Traumatic brain injury (TBI) is a leading cause of disability in Australia and worldwide. The effects of TBI are profound and often long term. Adverse outcomes are wide ranging and can include confusion, memory loss, depression, cognitive decline, epilepsy and eventual development of dementia. Unfortunately beneficial treatments are lacking due largely to our limited understanding of how TBI promotes these events.
TBI can be divided into two mechanistically distinct stages: the primary and secondary insult. The primary injury is the immediate and irreversible damage caused by mechanical forces during the accident. The damage caused by the primary insult is irreversible, however, the secondary injury is a driven largely by the ensuing inflammation that causes further cell death in the brain and adversely affects brain function. Importantly, early interventions to limit the inflammatory response following a significant brain impact represents a novel strategy to minimize secondary injury and improve outcomes.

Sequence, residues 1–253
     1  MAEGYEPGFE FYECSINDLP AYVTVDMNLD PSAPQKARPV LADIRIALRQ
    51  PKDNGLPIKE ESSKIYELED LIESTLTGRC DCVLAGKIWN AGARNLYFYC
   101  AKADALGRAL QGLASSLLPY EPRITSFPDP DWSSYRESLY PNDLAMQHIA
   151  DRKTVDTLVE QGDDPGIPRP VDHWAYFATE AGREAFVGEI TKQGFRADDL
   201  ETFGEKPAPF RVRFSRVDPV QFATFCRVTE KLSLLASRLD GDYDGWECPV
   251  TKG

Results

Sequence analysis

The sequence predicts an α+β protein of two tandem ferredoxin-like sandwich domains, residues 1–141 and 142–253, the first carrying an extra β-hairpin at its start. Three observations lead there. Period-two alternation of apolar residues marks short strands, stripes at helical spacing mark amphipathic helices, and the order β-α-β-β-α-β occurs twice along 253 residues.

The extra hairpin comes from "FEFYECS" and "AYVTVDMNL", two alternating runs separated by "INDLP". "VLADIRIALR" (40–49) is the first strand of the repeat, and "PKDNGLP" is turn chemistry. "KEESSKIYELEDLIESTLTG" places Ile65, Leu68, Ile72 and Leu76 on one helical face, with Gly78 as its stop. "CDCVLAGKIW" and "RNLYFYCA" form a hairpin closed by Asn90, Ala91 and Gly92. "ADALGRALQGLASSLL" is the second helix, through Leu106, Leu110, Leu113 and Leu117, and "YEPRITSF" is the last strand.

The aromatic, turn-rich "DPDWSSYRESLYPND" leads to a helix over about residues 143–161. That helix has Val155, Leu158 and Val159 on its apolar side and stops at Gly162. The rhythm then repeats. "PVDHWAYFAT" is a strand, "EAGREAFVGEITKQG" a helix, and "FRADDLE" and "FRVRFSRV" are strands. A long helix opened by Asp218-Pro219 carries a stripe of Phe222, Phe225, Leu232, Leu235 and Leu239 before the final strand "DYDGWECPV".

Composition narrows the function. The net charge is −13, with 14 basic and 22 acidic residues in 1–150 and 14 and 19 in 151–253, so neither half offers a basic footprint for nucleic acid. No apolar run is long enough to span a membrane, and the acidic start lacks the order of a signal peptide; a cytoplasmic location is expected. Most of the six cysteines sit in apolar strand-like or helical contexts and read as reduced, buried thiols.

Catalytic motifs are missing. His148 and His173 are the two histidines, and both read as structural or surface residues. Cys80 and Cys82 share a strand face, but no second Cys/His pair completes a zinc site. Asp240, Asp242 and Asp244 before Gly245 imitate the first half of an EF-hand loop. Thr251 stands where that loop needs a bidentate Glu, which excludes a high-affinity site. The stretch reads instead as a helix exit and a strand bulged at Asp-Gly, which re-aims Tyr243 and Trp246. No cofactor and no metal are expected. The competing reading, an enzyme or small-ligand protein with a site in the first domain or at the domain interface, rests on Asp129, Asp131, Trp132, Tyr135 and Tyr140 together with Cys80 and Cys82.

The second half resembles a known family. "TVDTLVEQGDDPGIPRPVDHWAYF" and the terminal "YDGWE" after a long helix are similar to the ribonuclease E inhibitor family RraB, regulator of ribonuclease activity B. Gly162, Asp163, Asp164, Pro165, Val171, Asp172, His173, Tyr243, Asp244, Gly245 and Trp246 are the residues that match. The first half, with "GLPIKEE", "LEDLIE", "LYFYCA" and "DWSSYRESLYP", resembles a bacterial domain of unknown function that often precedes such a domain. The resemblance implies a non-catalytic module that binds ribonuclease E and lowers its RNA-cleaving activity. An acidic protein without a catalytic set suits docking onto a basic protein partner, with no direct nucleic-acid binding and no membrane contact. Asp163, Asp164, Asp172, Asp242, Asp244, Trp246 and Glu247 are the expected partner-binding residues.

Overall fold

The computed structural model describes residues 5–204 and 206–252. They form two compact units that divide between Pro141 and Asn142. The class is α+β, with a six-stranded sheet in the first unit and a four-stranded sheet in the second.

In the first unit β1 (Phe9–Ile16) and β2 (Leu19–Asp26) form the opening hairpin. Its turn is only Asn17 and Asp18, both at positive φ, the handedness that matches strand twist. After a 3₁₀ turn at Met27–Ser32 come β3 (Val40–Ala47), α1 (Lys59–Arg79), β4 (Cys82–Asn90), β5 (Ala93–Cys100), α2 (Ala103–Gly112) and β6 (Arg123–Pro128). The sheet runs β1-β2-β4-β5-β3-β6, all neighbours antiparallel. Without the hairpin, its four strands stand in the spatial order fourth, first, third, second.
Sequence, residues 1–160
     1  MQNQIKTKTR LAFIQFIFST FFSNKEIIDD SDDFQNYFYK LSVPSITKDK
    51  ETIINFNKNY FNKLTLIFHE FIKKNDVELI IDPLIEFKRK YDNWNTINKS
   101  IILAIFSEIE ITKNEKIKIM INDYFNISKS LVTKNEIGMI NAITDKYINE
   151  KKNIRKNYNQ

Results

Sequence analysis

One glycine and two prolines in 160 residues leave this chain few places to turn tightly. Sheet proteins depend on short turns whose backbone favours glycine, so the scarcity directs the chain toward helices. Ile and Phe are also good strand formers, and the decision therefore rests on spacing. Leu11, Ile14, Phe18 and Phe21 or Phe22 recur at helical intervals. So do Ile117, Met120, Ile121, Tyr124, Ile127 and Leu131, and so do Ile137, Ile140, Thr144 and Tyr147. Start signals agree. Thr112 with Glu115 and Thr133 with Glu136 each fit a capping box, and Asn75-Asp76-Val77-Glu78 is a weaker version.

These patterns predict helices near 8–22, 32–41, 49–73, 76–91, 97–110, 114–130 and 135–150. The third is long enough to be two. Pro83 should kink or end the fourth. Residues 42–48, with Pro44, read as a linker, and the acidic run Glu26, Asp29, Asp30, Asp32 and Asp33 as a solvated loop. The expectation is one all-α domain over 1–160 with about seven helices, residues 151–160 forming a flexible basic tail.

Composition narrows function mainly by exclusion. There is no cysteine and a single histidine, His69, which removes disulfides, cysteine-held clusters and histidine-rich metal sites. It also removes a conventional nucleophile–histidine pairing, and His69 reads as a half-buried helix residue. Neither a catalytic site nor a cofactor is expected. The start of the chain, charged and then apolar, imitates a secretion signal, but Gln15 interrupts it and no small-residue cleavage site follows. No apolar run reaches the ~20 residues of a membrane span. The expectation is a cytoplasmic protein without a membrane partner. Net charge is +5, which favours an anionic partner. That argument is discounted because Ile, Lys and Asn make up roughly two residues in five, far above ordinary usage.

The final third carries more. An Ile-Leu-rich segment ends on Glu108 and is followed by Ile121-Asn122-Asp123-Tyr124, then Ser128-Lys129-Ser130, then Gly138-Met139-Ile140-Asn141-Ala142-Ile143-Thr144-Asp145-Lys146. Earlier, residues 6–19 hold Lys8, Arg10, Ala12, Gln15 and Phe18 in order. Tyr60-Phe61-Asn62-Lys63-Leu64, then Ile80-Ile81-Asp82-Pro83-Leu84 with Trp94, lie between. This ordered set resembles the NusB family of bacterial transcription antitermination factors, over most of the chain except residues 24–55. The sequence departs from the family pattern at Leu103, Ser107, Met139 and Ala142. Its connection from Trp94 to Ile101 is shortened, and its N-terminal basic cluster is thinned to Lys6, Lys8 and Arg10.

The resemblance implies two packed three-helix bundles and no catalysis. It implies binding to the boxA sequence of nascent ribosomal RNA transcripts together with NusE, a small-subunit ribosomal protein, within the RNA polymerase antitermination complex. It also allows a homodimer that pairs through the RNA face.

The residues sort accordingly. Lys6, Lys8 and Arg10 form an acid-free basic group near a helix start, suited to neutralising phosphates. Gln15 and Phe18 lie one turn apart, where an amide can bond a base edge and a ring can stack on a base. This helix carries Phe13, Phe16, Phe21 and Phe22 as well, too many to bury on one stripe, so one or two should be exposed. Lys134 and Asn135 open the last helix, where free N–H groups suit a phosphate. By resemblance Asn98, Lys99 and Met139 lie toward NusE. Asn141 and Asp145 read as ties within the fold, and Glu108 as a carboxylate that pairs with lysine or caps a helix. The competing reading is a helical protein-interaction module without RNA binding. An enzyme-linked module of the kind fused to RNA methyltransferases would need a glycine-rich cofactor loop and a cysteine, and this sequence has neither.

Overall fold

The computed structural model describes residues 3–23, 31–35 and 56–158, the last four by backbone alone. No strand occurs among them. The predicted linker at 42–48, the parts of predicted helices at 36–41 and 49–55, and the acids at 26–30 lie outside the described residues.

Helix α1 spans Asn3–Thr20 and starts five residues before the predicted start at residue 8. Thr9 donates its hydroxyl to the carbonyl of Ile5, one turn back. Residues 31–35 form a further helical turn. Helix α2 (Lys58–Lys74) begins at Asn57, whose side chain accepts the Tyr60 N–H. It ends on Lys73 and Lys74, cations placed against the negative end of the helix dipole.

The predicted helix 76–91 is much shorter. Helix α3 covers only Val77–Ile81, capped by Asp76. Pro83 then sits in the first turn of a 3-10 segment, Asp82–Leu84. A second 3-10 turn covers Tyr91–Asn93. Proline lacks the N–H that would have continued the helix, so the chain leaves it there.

We have found that the protein ROCK2 is rapidly increased in the brain following TBI. ROCK2 has an established role in driving pathogenic immune responses in multiple inflammatory diseases. In clinical studies, inhibitors of ROCK2 have been shown to limit inflammation to attenuate disease and reverse pathology in patients with psoriasis and pulmonary fibrosis. In the proposed study we will use our well established preclinical models to elucidate the mechanisms by which ROCK2 promotes injury following TBI, and test whether ROCK2 inhibition with a highly selective orally available small molecule inhibitor of ROCK2 (KD025) improves cognitive and behavioural outcomes.